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Tapcon Breaking

Published by Robert Carlisle on Feb 27th 2011

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Tapcons breaking or shearing off during installation may happen occasionally due to a number of factors.  If a tapcon does break, it usually occurs within about 1/2” prior to full installation. Many generic concrete screws may have this breaking problem due to the inferior steel and manufacturing process. The American made tapcon brand concrete screws sold at www.concretefasteners.com have less breaking than the generic tapcons.

Hole Size
Hole tolerance is critical when installing a tapcon cement screw.  The proper size bit must be used and the hole must be drilled using a hammer drill in the hammer mode.  The carbide tipped bit must meet ANSI standard and be the correct diameter for the diameter of tapcon being used.  The 3/16” tapcon needs a 5/32” bit and the 1/4" tapcon needs a 3/16” bit.

Base Material
On some occasions, the base material is so abrasive that the hole tolerance is not able to be maintained along the entire length of the hole.  The deeper into the base material the hole is drilled then the smaller the hole will become. This is due to the carbide tip of the bit being worn away as the hole is being drilled.  Once the tapcon is inserted into a hole that is drilled in decreasing the size, the tapcon will be driven into the base material until the hole gets so small that the tapcon can no longer penetrate further. At this point, if more torque is applied to the tapcon then the shank of the tapcon will give way and break or shear off.

Depth of Hole
The hole in the base material must be drilled to a depth that is a minimum of 1/4” deeper than the tapcon will penetrate.  This extra space at the bottom of the hole allows for a collection area for dust that is created during the tapping process to fall.  The dust collected in this extra space will avoid having the tapcon bottom out in the hole.  If the tapcon should bottom out before the head is snug against the material being fastened, any additional strong torque applied to the tapcon may then break or shear off the shank of the tapcon.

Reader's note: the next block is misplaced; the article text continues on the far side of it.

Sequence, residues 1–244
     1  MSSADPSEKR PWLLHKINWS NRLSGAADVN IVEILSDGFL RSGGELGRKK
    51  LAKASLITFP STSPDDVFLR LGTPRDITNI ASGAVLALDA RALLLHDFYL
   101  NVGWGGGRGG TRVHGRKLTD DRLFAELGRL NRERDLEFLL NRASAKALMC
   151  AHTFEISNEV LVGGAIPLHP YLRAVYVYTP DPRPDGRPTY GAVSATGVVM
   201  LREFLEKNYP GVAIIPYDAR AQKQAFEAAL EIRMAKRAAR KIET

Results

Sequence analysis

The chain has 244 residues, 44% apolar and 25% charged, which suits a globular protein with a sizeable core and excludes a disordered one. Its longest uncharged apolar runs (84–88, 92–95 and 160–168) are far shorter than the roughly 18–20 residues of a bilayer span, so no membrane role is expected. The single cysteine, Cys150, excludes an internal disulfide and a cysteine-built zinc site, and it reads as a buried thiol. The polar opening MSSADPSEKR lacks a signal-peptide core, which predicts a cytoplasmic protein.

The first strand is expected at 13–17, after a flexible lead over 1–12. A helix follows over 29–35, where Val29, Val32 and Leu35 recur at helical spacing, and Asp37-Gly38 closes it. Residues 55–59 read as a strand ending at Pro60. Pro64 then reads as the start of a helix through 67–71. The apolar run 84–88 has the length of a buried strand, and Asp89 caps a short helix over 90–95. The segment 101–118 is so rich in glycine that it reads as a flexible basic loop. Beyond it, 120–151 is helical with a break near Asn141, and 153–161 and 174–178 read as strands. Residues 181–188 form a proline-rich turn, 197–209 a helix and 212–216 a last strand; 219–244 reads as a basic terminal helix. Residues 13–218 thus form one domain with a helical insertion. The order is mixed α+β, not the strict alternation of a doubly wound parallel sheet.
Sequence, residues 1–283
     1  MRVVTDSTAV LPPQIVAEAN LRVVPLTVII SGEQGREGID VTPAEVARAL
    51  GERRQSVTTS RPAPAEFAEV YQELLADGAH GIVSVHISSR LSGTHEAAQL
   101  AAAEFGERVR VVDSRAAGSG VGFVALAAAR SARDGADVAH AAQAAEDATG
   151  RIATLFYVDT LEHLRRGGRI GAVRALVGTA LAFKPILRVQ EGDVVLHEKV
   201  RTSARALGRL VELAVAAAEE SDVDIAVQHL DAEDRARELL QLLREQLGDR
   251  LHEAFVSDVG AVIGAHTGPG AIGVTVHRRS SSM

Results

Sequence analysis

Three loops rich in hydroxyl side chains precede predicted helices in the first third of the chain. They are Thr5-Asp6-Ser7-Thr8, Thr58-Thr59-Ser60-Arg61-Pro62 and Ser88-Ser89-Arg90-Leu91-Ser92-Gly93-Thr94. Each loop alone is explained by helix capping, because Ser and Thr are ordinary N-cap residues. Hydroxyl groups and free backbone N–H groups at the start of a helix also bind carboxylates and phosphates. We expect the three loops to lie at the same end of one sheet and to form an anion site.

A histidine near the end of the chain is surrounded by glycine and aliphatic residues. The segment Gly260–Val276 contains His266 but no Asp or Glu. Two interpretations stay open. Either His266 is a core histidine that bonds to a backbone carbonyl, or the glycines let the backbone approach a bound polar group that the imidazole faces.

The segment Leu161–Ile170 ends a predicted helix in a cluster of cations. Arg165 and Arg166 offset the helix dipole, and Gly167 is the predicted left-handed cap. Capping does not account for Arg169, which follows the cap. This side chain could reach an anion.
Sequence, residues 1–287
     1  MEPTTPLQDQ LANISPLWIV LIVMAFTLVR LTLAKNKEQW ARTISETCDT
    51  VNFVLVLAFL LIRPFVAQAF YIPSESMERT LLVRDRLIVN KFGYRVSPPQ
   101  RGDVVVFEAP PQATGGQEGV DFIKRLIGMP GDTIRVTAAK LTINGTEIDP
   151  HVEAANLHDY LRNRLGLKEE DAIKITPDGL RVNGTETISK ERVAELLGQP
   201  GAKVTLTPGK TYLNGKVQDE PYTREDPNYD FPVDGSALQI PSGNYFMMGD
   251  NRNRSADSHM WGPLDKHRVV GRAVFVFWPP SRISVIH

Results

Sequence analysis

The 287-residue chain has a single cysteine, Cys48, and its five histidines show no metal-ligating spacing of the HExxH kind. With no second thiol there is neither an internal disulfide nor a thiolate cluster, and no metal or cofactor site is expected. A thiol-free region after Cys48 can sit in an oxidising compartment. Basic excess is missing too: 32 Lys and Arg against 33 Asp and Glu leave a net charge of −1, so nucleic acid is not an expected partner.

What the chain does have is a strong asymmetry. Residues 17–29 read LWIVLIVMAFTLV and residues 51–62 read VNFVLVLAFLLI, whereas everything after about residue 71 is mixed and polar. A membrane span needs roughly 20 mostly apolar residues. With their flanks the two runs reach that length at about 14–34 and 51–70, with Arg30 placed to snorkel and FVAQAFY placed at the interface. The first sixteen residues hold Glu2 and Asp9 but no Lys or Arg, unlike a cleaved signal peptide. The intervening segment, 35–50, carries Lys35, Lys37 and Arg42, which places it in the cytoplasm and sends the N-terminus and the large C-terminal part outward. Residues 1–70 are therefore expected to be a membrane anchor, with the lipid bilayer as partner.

Maximum Embedment
The tapcon screw has a maximum embedment depth of 1-3/4”.   The total overall length of the threads on the tapcon measure 1-3/4”. A 6” tapcon the threads will only measure 1-3/4”.  The threads of a tapcon tap threads into the base material with the lead thread doing the entire cutting.  The lead thread, depending on the abrasiveness of the material will wear as the tapcon is inserted into the hole.  Any embedment greater than 1-3/4” may result in the lead thread being worn to the point that it may no longer be able to cut the base material.  If this happens then the tapcon will no longer penetrate the base material.  Continued strong torque will cause the tapcon to break or shear off.

Length of Tapcon - the thickness of the material being fastened and the embedment depth determine the length of the tapcon.  To figure out the shortest tapcon to use for any application, add the minimum embedment of 1” to the thickness of the material being fastened.  As an example, when a conduit strap is being fastened to concrete and the conduit strap is 1/4” thick, add this to the minimum embedment. The minimum total length of tapcon to use would be 1-1/4”.  The maximum length of tapcon to use is figured out by adding the thickness of the material to the maximum embedment of 1-3/4”.

Torque Setting
Each application is different and the torque setting on the drill may be different for different types of base material.  The correct setting for driving a tapcon concrete screw without breaking or shearing off is determined by using the lightest setting and then moving up until the tapcon concrete screw is set tight against the fixture being fastened.  It is very important that the tapcon is not over torqued.

  • The base material may give away and the tapcon will spin in the hole because the threads in the base material have been stripped.
  • The tapcon may break or shear off if the head of the tapcon is torqued beyond its capabilities.
  • Tapcons are case hardened so the outer layer of the shank of the tapcon may crack or over stress if torqued at a high level.  This may cause a situation where the holding values are weakened. The interior steel of the tapcon is exposed to the elements and may rust sooner and faster, which will ultimately lead to fastener failure

Installing Tapcons

  • With a hammer drill in the hammer mode, drill a hole in the base material using the correct diameter of carbide tipped drill bit that meets ANSI standards.
  • Drill depth of the hole to a minimum of 1/4” deeper than the tapcon concrete screw will penetrate the base material.
  • Using a wire brush, compressed air or vacuum, clean the hole of all dust.
  • Insert tapcon through the hole in the fixture and into the hole in the base material.
  • A wrench or drill can be used to turn the tapcon clockwise until the head of the tapcon is snug against the surface of the fixture being fastened.

Tapcon Installation Video

Tapcon Not Suitable
Tapcon may not work in all applications all the time, which is a reason for the different types of concrete fasteners.  The base material may be too abrasive or too hard for the threads of the tapcon to tap.  The base material may be too soft or sandy and not allow for the tapcon threads to hold properly.  

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